The Northwest is a mess of perceived importance; everything is. Something happened once, and everything exists in its shadow. Naomi Punk is inevitably and regrettably wrapped up in this; when their debut The Feeling was reissued by Captured Tracks (the album started gaining critical traction by the label association), everyone and everywhere compared it to grunge. Naomi Punk is a Northwest band; they say they’re from Olympia, and I heard once that one of them lives in Seattle — it shouldn’t matter, but it seems like it does.
The things that seem to have the most weight are simply because they’re reminiscent of things that have had weight. All over, in punk, especially, we have this perpetual problem of believing that things that were revolutionary are still revolutionary: playing loud, fast, making zines, having the same circular conversations with the same people who have already had those same circular conversations, believing change within an insulated community — Olympia, for example, a hideout for weirdos and punx covered in grease and THC and angst — is change worldwide. This means bands that sound like other bands that were big bands are big bands, because bands that sound like this are big bands, right? Bands that release music on Perennial and play often at Old School Pizzeria or work there — Broken Water, Vexx (previously just Vex), Gag, Strange Wilds (previously Wet), Hysterics, Milk Music, Naomi Punk, et al. — are pigeonholed, maybe on purpose, as acts that draw from a small list of influences, most of them bands that existed in the same scene 10 to 20 years earlier.
About a year ago, I realized Naomi Punk was my favorite band in Olympia. The critical treatment of The Feeling seemed so misguided, despite that it came with a newsprint poster and a zine, that its cover-art was made with handmade collages, that it was home-recorded, that their press photo featured the band in parkas and raincoats looking utterly lethargic, like they were asking for it: to be stereotyped by their geography and aggression. Being their fan isn’t easy; their songs all kind of sound the same, follow the same rhythmic pattern, bury the vocals that sing mostly nonsense trickled with words that shine iridescently among the rest of the beige and lifeless muck and dirt. Coming to their defense against everyone who thinks they’re a “grunge” band isn’t easy — they have “punk” in their name, for Pete’s sake.
When I first saw them live, they seemed to so clearly have their intentions set on being a pop band. Travis Coster’s vocals are always sweet, hung around the guitars like tinsel — very thin. He doesn’t yell, and he writes good melodies. His songs are catchy the first time you hear them; by the second, they’re familiar and comfortable. They’re easy, and that they’re all kind of the same works for attracting someone who is new to their shtick; you can get them about 30 seconds into any of their songs without being too off the mark in any direction. Shit, maybe I’m wrong; maybe Naomi Punk is a grunge band after all — at least in the sense that their lyrics are as seemingly nonsensical as Kurt Cobain’s, as on “Song Factory”: “You came to me/ I chew my hair/ My head is on/ She heard my prayer.”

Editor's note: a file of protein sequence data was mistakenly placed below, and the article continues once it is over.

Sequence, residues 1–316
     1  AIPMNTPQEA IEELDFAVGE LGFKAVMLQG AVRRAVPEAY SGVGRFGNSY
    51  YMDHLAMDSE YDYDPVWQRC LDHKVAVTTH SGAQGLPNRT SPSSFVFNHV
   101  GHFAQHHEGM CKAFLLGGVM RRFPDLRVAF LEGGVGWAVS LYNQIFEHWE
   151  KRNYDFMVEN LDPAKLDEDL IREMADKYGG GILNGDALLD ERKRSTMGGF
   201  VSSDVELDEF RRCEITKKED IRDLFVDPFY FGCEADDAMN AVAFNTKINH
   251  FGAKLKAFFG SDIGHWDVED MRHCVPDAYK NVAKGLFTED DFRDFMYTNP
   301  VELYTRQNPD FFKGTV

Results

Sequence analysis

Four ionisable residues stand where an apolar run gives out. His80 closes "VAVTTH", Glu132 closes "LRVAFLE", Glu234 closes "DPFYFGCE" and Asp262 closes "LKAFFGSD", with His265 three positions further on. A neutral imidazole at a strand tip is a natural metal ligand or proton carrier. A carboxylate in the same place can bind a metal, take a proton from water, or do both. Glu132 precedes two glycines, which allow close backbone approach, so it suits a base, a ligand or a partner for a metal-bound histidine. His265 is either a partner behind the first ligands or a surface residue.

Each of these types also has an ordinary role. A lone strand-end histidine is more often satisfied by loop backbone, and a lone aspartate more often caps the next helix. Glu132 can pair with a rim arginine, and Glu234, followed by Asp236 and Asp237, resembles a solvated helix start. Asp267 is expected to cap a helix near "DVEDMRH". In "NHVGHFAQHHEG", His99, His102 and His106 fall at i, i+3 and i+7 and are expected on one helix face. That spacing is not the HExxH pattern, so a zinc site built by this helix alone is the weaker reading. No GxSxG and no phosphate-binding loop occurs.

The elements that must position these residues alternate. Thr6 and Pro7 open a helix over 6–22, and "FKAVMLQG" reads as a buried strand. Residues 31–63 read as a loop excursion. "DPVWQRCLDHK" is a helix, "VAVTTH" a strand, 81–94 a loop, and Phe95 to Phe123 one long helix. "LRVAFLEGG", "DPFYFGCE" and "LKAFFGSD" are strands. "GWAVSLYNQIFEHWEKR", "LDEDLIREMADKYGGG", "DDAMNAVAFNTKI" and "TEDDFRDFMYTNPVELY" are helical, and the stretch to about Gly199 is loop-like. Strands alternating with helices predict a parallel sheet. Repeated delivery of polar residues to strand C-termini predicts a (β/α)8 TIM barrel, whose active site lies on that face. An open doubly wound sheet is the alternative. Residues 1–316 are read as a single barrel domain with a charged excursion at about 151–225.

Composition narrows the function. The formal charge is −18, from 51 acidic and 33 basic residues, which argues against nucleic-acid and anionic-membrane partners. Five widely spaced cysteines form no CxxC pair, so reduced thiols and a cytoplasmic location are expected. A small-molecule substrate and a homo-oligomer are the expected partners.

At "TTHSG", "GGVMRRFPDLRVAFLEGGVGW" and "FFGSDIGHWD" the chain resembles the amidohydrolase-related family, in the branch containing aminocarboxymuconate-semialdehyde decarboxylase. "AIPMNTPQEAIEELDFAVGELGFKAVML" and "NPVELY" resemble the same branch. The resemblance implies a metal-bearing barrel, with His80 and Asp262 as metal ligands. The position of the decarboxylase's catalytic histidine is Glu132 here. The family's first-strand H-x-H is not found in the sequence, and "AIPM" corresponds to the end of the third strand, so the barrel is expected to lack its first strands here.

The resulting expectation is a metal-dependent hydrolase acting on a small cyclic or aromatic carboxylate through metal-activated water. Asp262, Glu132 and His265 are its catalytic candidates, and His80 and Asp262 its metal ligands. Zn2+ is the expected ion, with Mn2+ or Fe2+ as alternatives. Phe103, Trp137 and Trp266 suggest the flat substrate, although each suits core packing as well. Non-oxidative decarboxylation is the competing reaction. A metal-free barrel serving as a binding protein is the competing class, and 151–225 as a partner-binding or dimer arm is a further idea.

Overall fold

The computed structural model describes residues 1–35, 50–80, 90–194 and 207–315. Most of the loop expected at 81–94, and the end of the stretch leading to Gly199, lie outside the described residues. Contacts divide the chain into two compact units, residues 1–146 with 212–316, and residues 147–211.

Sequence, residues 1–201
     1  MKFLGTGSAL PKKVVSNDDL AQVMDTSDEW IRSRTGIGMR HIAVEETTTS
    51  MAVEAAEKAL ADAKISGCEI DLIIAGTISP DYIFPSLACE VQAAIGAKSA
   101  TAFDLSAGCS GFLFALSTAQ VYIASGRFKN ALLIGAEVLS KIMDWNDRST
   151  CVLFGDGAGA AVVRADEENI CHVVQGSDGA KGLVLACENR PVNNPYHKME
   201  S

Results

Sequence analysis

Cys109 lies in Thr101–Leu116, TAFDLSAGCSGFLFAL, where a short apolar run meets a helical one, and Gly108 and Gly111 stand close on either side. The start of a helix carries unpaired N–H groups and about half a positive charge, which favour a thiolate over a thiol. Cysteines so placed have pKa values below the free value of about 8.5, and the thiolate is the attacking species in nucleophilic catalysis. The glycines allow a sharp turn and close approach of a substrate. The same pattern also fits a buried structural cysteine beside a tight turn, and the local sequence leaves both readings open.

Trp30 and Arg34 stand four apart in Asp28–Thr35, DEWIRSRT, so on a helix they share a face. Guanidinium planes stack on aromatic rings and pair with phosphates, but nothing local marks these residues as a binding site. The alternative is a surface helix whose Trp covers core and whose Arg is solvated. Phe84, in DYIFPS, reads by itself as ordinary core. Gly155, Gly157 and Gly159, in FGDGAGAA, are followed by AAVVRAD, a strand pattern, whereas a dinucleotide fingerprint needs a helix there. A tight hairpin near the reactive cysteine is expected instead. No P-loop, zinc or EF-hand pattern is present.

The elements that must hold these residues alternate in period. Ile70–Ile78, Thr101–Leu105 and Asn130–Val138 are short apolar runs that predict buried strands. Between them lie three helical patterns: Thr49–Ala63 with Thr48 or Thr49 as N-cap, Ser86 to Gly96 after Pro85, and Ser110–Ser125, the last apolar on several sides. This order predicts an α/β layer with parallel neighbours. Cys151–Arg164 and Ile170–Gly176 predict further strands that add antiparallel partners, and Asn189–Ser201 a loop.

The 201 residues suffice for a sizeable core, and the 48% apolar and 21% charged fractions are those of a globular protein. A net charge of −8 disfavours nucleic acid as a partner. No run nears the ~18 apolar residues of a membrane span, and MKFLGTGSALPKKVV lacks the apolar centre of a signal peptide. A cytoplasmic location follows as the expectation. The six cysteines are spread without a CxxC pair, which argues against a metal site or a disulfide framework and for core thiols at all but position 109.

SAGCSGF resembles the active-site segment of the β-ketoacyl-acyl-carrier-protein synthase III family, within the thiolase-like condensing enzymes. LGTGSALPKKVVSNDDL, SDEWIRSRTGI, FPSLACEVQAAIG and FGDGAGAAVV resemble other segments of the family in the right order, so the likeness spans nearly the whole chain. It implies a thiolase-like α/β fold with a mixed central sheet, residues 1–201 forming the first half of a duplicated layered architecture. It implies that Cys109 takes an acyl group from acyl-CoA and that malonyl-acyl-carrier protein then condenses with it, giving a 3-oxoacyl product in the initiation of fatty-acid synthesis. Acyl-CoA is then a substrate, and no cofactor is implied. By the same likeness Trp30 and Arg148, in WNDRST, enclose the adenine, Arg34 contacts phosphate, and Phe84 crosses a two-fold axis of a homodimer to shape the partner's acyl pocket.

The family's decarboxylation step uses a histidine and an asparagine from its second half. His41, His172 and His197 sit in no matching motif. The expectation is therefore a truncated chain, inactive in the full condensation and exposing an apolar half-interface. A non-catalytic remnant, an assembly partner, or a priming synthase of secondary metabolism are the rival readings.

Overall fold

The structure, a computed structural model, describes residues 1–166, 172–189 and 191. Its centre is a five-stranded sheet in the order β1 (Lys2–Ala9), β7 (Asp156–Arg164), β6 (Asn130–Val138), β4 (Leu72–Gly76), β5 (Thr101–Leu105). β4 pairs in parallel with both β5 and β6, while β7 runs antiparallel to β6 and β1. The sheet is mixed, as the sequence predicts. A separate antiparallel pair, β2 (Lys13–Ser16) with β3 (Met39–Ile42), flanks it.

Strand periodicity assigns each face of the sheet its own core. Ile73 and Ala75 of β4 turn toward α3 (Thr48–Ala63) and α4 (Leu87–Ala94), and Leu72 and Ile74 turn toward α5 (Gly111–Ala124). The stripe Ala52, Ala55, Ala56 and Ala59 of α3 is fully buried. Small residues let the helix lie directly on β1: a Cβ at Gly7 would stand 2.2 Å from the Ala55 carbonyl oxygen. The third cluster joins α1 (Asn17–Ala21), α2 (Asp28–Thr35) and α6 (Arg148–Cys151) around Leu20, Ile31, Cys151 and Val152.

But after awhile, the monotony becomes wearing. Television Man is a disappointment in the sense that it’s a lot of the same, save for the two instrumental tracks, based on keyboards, that sound like attempts at making warped VHS soundtrack music. But even these tracks have the same rhythmic trappings and buried melody, like the band just couldn’t make it in that day so someone went solo and made do. This record, like The Feeling, was self-recorded, and they wouldn’t be easy to tell apart. There are some good songs: “Linoleum Tryst” is probably the best, but we heard it on a 7-inch between records. I also like “California Truth,” all one-minute, eight-seconds of it, bringing to mind the idiom “No good song is too long, no bad song is too short.” “Eleven Inches” is good, too; I remember them playing it live a few times, and it’s always striking, bringing their balance of two guitarists and no bassist to the fore, showing it off, making it actually work and sound thick — their limitations being exactly the thing that makes them memorable.
But I don’t think I want to like Naomi Punk. Everything can seem so backwards in the Northwest; people from all over migrating there for a music scene that’s at least one but probably two decades past and making all the same music anyway. Hardcore bands seem like the least controversial acts out there, in that delivering something radical in a package that you expect to be radical is the least radical thing you can do, and the Olympia scene is ripe with them, rotten, pleased with them. Naomi Punk doesn’t defy the expectations that you have of them, certainly not on Television Man. They sound like a band from the Northwest and look like a band from the Northwest. They are habitual in their tendencies, to their detriment. I still like them. They deliver exactly to par, full of malaise and lethargy. They are one more band that has condensed Michael Azerrad’s Our Band Could Be Your Life into a mission statement for a sound. They are one of the least important acts out there, full of nothing revolutionary and many things you’ve heard before — but it’s pretty good, nonetheless.